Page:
Piera Gelardi is the Executive Creative Director of Refinery29, the digital media company aimed at women’s lifestyle. Just this year AdWeek announced Refinery29 has an audience of over 500 million globally. Congratulations!!


“It wasn’t a lightbulb moment but I grew up in an entrepreneurial family. Everyone in my family worked in my dad’s business. We would always come up with imaginary companies at the dinner table. It primed us to think about different aspects of business.”

“I thought I wanted to be a working artist but found I wanted to be more collaborative.”

“I got a job at an independent magazine called CITY. I learned the whole shebang. I went from intern to photo director in a couple of years.”

“I tried to launch an art magazine. It was about creative pursuits. The three of us had a similar background.”

“I met my now husband and we were living together. He and a friend came up with the original idea of Refinery29. I helped on a girlfriend consulting basis. They were looking an editor to come on board. I called my old boss and she thought it was a really amazing idea and wanted to get on board.”

“When we started we were inspired by independent boutiques that weren’t getting a lot of air time in mainstream press.”

“We built organically. Now we have 500 million people around the world interacting with our content everyday.”

“We’re working to bring the values that we put out in the world internally as well.”

“It’s a diverse group of people with different styles. We care about making an impact with women.”

“Our women’s film and comedy initiative: We champion imagination. We make sure people’s ideas are heard.”

“Everyone has a superpower you might not know. We give them an outlet to celebrate that.”

“As we’ve grown it takes a little bit more thoughtfulness to cultivate that original spirit.”

“We started almost 13 years ago without Twitter or Instagram, it was a different landscape. There was no roadmap to follow. There’s been so much change since then. We’ve had to be really nimble. It requires agility.”

“Being focused on women is a very exciting time. We’ve had to work harder. Women are continuously under-valued in the business space. We see huge market potential.”

“The Silent Rise of the Female Led Economy was a great read. Everything is designed by a man’s lens yet 80% of the purchasing economy is done by women.”

“We’re interested in the stories that aren’t being told.”

“29 Rooms reached 1 in 2 people on Instagram. We had a punching symphony. You channel your frustrations into music. Or Mother’s Womb where you sit and meditate listening to a poem about nurturing. It’s another way of storytelling. It was a funhouse meets museum to bring out the creativity of people coming through.”



Leah Busque is a former engineer turned entrepreneur as the co-founder of TaskRabbit, which was recently acquired by DIY furniture giant, the IKEA Group. Leah stepped down from her role at TaskRabbit and instead focusing on giving other entrepreneurs financing as the new General Partner of Fuel Capital, which is dedicated to giving first-time founders a VC firm they can trust.

“I started out as an engineer and got my first job as a programmer at IBM. We were a smaller startup and got acquired.”

” I had the idea for TaskRabbit when I was living in Boston. We needed to get dog food before going out for dinner. I got excited about how we could use our smartphone to connect the community to get things done.”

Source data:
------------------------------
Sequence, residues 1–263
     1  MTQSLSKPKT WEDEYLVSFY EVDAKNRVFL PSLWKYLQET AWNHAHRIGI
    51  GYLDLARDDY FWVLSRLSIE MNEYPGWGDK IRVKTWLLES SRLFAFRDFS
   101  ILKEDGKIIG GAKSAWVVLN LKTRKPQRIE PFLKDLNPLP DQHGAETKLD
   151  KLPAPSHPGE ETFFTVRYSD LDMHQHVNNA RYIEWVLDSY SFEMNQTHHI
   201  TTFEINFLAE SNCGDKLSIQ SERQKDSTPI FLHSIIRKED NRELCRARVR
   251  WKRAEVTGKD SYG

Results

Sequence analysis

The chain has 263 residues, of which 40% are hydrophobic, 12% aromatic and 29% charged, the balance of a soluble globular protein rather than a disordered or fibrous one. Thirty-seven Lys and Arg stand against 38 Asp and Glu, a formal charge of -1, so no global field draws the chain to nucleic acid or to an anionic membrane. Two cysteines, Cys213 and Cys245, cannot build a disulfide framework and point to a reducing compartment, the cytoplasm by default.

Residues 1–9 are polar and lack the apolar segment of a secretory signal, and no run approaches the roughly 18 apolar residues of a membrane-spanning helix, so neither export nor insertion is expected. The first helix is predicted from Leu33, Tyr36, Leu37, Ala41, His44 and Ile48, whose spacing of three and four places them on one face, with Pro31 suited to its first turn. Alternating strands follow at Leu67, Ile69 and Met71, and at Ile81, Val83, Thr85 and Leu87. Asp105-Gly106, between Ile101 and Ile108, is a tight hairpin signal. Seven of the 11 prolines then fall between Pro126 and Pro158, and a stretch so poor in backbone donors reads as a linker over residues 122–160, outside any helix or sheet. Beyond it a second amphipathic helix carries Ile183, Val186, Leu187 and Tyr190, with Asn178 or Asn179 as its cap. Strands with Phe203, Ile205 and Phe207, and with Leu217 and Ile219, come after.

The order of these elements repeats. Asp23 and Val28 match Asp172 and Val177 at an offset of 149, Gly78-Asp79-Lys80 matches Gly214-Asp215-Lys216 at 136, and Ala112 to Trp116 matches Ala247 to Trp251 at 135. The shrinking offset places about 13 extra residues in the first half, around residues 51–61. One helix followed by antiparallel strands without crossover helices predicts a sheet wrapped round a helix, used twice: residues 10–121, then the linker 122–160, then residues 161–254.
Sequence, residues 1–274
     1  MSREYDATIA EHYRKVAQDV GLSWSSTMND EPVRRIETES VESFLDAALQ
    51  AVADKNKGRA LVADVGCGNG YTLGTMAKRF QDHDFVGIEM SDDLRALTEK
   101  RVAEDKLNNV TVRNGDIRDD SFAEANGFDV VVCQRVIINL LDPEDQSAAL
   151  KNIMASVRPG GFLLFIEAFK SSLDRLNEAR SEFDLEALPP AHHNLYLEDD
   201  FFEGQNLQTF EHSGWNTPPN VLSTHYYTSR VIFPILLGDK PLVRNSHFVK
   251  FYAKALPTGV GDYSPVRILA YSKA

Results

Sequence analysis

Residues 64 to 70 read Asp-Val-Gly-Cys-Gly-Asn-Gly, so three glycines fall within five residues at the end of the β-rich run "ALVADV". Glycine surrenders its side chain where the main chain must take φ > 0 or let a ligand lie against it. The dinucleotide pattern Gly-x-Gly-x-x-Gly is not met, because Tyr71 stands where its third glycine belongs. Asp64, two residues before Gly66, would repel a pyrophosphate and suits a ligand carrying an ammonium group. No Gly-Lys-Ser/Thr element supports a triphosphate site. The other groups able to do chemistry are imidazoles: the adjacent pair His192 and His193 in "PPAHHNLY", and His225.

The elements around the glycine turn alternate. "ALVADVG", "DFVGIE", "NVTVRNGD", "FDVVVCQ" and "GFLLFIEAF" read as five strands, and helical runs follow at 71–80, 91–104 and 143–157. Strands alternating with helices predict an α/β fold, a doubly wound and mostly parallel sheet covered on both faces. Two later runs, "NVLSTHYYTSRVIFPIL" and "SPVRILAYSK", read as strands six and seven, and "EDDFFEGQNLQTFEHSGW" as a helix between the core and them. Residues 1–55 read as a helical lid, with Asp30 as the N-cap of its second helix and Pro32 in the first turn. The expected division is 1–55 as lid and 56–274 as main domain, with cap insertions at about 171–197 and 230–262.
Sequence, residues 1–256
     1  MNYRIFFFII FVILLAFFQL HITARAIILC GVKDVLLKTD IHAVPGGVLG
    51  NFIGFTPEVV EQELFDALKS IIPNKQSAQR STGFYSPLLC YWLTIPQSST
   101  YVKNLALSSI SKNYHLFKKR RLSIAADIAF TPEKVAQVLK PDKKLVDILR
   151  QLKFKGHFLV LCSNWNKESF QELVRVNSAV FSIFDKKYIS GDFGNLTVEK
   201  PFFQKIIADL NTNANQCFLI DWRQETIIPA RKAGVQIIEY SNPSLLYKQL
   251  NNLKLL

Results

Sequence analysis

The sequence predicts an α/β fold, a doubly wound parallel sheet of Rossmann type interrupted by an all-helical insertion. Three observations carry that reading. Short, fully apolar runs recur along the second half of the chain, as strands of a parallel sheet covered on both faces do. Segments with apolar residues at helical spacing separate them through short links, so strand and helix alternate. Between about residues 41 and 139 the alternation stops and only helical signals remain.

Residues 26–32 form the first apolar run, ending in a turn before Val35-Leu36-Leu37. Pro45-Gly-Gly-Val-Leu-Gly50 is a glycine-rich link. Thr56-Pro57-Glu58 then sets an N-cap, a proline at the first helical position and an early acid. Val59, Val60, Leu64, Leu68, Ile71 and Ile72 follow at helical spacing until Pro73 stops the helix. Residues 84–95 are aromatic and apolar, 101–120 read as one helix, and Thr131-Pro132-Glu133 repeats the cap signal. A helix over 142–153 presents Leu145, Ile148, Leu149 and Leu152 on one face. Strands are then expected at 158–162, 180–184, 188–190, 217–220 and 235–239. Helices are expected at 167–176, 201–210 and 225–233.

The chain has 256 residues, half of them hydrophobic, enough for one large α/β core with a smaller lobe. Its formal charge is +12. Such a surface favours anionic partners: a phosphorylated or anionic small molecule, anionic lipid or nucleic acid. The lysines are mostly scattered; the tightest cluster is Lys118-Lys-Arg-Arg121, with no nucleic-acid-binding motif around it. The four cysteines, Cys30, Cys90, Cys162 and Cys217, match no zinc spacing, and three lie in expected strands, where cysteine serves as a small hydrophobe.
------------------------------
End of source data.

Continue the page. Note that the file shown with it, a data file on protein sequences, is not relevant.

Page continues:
“I quit my job at IBM 4 months later. I participated in an incubator that Facebook was running. We were one of 25 companies asked to participate.”

“We scaled over the course of 9 years. I opened 40 markets across the company.”

“IKEA has been such a great commercial partner to us. We’ve been working with them for a while. IKEA furniture assembly is one of the major needs on TaskRabbit.”

“Fuel Capital is an early stage seed fund. It was founded 4 years ago.”

“My favorite time in the TaskRabbit was when we were under 20 employees and still so scrappy.”

“The vision and passion of other entrepreneurs captures me. Perseverance and passion.”

“Who are you, why are you here, why did you start this company? What do you want it to be? These are questions I ask.”

“I still feel like this is so new that I feel like I’m behind enemy lines as a spy. One of my biggest surprises is that there are so many reasons why an investor might not invest that has nothing to do with you. Sometimes you can take it really personally but you can’t.”

“I got passionate about going into venture to have more women, more people of color, more diversity.”

“I’m looking across industries. My background is technical so I get excited about infrastructure. But I’m a generalist. I’m a learner.”

“You have a different perspective sitting on the other side of the venture table. I didn’t know anything about raising money when I started TaskRabbit. One of my biggest regrets was that I didn’t leave IBM sooner. I think I had another company inside me before TaskRabbit.”

“When I was pitching investors and see a female general partners before me I was inspired. I hope to do the same.”

“TaskRabbit is my first born. It will always feel that way. It went through awkward teenage years to graduating college and not needing me anymore. Now it’s married and out of the house and doesn’t need me any more. I told my husband hopefully TaskRabbit has prepped us for our children as they grow up.”

“I was looking for something I could do for the next decade and beyond. I’m really excited I found it.”

Fuel Capital